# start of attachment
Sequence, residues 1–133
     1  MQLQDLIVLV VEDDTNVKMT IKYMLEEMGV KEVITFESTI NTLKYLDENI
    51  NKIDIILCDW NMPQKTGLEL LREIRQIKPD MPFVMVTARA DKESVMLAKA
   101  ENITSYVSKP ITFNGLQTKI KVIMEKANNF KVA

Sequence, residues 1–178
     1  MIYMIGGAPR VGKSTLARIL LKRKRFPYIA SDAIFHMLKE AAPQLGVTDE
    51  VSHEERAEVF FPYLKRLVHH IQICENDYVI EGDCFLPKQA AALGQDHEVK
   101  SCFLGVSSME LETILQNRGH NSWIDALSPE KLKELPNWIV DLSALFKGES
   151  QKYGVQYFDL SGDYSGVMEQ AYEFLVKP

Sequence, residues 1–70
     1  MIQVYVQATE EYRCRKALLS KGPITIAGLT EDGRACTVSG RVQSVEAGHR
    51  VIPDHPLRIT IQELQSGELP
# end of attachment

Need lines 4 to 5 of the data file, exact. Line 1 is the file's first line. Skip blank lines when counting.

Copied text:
   101  ENITSYVSKP ITFNGLQTKI KVIMEKANNF KVA

Sequence, residues 1–178